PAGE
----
The New Reasoner was a British journal of dissident Communism published from 1957 to 1959 by John Saville and E.P. Thompson. The publication is best remembered as an antecedent of the long running journal New Left Review.
The New Reasoner was preceded by a journal entitled The Reasoner, first published in July 1956 by John Saville and E.P. Thompson. The editors proposed the use of the journal as a forum for the discussion of "questions of fundamental principle, aim, and strategy," critiquing Stalinism as well as the dogmatic politics of the Communist Party of Great Britain (CPGB).
The Reasoner took its name from an early 19th-century publication which had attempted to renew and reinvigorate a flagging Jacobin Radicalism.
Over its five months of existence, the journal angered many within the leadership of the CPGB. Thompson and Saville were ordered to cease publication of their dissident journal, an order they chose to defy. Because of their refusal, Thompson and Saville were suspended from the CPGB.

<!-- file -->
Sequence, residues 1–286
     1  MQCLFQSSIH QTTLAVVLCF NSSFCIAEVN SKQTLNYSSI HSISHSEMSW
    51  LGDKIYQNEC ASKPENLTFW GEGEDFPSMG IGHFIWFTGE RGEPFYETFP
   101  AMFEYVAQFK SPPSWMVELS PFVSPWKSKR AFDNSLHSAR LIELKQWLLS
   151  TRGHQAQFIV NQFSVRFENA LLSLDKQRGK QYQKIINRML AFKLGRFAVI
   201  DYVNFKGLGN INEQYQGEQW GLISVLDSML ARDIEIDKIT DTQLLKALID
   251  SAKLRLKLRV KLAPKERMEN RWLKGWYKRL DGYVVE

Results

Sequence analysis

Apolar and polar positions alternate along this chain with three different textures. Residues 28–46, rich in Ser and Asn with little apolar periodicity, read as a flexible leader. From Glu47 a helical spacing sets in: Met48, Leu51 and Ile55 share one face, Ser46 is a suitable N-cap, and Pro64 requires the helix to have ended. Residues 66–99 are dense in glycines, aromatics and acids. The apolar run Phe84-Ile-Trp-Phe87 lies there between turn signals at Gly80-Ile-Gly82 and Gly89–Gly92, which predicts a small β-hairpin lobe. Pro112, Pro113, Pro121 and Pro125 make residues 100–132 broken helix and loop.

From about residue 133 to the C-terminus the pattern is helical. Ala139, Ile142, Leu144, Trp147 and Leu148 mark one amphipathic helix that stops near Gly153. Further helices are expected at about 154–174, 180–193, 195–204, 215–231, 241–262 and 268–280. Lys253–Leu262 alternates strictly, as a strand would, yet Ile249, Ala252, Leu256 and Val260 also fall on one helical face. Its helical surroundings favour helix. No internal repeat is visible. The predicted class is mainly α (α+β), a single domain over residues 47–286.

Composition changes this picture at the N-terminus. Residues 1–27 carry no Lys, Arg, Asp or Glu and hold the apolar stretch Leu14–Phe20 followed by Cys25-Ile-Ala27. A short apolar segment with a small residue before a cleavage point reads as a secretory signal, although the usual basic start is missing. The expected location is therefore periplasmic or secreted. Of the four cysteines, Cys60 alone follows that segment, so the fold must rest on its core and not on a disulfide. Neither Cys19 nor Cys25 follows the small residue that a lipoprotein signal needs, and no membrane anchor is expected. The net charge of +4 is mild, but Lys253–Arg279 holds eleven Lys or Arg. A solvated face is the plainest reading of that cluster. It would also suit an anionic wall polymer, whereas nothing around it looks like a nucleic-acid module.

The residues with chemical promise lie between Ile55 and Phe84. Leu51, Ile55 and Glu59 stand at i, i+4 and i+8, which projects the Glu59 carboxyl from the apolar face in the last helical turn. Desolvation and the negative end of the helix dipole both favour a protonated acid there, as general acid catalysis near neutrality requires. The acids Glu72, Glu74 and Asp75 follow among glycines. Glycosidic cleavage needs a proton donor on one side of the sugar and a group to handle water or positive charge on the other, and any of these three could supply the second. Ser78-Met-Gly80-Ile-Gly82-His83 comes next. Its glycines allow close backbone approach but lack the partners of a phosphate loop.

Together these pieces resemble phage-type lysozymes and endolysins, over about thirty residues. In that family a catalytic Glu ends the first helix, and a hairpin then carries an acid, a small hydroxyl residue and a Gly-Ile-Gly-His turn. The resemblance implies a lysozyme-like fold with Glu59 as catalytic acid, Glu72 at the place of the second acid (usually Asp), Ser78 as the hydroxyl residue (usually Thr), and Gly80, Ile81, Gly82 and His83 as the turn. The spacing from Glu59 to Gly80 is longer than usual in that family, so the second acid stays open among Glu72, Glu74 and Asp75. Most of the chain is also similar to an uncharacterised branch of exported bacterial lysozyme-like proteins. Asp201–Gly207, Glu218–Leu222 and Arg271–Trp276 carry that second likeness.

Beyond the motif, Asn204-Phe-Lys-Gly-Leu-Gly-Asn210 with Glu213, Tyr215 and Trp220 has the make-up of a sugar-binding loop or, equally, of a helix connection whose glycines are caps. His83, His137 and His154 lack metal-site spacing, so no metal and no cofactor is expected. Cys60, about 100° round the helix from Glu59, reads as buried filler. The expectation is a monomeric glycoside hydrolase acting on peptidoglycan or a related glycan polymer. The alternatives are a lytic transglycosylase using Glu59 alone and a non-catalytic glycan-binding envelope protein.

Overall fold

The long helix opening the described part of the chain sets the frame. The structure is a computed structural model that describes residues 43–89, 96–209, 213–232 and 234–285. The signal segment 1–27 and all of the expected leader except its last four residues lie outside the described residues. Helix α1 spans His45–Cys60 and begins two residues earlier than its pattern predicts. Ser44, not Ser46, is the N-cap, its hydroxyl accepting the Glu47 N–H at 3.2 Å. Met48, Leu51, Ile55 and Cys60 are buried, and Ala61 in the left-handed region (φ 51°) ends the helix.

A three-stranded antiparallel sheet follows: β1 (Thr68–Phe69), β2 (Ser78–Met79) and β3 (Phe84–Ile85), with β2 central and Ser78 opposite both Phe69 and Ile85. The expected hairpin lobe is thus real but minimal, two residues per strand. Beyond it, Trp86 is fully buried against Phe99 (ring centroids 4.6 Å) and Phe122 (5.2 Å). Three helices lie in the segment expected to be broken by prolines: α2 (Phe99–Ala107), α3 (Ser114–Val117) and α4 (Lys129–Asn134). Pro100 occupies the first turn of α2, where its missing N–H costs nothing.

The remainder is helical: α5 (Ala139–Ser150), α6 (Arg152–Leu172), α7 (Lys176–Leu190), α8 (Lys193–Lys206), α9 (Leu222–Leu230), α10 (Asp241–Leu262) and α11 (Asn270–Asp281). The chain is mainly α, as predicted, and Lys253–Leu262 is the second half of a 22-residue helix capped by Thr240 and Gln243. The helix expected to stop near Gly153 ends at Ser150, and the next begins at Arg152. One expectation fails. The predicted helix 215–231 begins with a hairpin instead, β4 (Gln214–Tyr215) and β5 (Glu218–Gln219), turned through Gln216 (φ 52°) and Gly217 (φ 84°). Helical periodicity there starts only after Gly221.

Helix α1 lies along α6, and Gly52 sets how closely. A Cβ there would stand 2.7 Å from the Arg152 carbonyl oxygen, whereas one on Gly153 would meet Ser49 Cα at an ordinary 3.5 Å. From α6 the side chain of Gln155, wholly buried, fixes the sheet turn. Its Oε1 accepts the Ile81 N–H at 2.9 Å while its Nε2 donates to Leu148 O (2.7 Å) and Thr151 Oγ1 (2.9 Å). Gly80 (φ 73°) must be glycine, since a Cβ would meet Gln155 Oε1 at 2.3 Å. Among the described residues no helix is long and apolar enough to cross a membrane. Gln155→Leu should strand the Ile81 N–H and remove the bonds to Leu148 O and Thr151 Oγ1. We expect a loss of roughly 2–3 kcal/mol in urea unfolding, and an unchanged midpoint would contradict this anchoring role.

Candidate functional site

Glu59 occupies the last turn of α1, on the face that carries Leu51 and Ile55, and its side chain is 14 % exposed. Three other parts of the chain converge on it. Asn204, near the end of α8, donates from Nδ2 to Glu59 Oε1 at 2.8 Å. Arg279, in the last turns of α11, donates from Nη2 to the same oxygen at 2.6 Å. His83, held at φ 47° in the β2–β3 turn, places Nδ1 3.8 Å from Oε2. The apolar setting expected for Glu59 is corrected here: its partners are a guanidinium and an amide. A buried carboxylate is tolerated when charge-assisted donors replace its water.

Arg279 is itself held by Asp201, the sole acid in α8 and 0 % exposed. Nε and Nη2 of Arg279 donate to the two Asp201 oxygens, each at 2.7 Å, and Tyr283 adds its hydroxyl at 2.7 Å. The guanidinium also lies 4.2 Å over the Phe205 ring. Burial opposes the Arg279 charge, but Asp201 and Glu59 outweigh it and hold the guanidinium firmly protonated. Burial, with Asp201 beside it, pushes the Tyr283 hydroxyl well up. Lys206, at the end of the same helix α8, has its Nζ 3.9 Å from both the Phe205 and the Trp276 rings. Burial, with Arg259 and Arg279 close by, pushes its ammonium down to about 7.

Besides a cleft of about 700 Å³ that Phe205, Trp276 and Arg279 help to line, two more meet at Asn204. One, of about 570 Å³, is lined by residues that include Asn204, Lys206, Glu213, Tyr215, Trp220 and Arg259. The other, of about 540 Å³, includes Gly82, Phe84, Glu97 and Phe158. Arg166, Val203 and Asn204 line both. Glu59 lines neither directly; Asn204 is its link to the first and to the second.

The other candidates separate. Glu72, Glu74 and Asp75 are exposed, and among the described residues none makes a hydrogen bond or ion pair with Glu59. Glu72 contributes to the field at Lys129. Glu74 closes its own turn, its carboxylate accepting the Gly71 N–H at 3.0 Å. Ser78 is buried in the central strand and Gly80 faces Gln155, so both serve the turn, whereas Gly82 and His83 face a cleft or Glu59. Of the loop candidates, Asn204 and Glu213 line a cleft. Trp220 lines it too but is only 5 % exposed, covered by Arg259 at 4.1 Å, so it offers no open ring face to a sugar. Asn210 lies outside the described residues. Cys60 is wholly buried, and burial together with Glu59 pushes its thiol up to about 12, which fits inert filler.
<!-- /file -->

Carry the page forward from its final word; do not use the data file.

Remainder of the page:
In 1957, following their resignation from the CPGB over its support of the Soviet Union's invasion of Hungary, Thompson and Saville began the publication of a new journal, named the New Reasoner, with the purpose of contributing to "the re-discovery of our traditions, the affirmation of socialist values, and the undogmatic perception of social reality." The opening editorial was a reaffirmation of their commitment to the British Marxist and Communist tradition, despite their departure from the Party. They allied themselves with European workers who were fighting for "de-stalinisation" and called for the rebirth of principles within the movement.
In 1960 the New Reasoner merged with the Universities and Left Review journal to become New Left Review.